ORA Crocea Clam is 1.5-2″ when fully open!
ORA® Aquacultured Ultra Grade Crocea Clams are premium specimens specifically selected and graded for their exceptional coloration and patterning. Demonstrating vibrant color combinations of varying shades of blues, purples and sometimes green artistically accentuated by highly-ornate patterning, the ORA Ultra Grade Colored Crocea Clam is a visual feast sure to inject spectacular visual interest to your reef aquarium, especially when properly illuminated.
ORA® Aquacultured Ultra Grade Crocea Clams are beautiful clams oftentimes displaying a variety of colorations with intricate patterns of spots or lines. These clams are also referred to as Crocea Clam, Boring Clam or Crocus Clam, and are the smallest of all Tridacna spp., reaching a maximum size of 6″ in the wild. The Crocea Clam can penetrate through limestone substrates by releasing an acid to break down the carbonate in the stone. It uses the ridges of its thick shell to dig into the rock by opening and closing quickly through the use of its large byssal muscle, giving the clam the common name “boring clam.” This burrowing behavior helps to protect it from predators such as sea stars, along with Angelfishes, Butterflyfishes, and other reef dwelling species that consume bivalves.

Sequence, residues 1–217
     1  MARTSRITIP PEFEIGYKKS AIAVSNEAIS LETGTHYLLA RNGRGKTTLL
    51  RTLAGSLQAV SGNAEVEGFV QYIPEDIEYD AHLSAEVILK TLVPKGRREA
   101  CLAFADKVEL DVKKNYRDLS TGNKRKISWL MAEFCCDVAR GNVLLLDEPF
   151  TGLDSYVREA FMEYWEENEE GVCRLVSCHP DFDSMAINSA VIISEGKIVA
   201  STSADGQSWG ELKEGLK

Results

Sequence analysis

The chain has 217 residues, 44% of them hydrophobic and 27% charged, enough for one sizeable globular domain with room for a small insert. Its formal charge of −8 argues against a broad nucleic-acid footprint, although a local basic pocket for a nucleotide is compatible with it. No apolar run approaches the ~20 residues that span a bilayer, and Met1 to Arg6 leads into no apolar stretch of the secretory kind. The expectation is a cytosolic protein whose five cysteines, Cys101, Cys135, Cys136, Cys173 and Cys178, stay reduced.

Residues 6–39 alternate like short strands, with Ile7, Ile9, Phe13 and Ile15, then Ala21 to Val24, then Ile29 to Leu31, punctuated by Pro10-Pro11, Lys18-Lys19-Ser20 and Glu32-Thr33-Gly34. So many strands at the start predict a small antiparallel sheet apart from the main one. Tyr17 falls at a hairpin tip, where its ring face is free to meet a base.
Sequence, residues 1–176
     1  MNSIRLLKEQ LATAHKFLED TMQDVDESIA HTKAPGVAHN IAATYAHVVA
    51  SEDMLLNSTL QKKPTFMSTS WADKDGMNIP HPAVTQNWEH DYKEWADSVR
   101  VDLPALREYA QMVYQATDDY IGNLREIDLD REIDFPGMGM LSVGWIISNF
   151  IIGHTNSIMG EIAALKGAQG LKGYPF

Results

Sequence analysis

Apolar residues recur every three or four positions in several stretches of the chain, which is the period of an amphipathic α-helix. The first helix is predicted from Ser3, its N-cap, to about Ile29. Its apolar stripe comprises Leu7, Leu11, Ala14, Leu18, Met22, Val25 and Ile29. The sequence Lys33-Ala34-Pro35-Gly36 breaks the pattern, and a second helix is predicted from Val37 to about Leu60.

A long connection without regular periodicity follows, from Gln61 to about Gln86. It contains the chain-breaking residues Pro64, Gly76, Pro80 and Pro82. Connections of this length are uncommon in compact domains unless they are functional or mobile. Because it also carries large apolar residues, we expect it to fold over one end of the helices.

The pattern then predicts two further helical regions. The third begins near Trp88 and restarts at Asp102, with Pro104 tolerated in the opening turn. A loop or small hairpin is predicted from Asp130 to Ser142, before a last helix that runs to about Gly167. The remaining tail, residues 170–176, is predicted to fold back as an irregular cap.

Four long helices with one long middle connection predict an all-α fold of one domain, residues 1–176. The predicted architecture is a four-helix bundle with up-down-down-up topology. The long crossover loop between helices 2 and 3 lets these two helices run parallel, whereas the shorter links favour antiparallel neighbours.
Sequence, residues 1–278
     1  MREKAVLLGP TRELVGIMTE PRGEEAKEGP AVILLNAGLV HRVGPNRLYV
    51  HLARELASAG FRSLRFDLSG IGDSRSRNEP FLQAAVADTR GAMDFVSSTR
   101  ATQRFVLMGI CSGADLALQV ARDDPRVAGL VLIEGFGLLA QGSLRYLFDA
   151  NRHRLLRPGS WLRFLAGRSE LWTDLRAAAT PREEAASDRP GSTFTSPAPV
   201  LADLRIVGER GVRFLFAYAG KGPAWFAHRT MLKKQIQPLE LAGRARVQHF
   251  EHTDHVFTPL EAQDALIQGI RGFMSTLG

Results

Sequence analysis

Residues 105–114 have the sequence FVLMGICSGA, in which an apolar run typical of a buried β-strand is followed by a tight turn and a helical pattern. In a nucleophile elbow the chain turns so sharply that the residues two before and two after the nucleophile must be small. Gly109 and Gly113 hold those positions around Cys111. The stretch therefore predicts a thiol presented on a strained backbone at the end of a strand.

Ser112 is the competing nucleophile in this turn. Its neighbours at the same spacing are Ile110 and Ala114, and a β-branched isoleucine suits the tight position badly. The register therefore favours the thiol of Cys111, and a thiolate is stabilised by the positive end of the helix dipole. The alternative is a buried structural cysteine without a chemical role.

Tridacna crocea are naturally found throughout the Indo-Pacific and Western Pacific oceans, they can be identified by having a relatively smooth shell that is thick and heavy, and is much taller than T. maxima, which it can closely resemble in the appearance of the mantle. Like some other members of its genus, T. crocea attach to hard substrate or rockwork with thread like appendages called byssal filaments and can eventually burrow or bore into porous substrate or rockwork in the home aquarium.
ORA® Aquacultured Ultra Grade Crocea Clams will arrive either unattached or attached to a small piece of rock or substrate. They will normally attach to a solid surface within a few days of being introduced into the aquarium, so keep in mind that their first placement should be considered permanent. Never forcibly remove an attached clam from the substrate or rockwork, as lethal damage to their foot and other tissue will be inevitable. As a last resort, to remove a clam from a hard surface gently cut each byssal thread with a razor blade as close to the attachment point of the rock or solid surface, making sure not to slice or damage any tissue.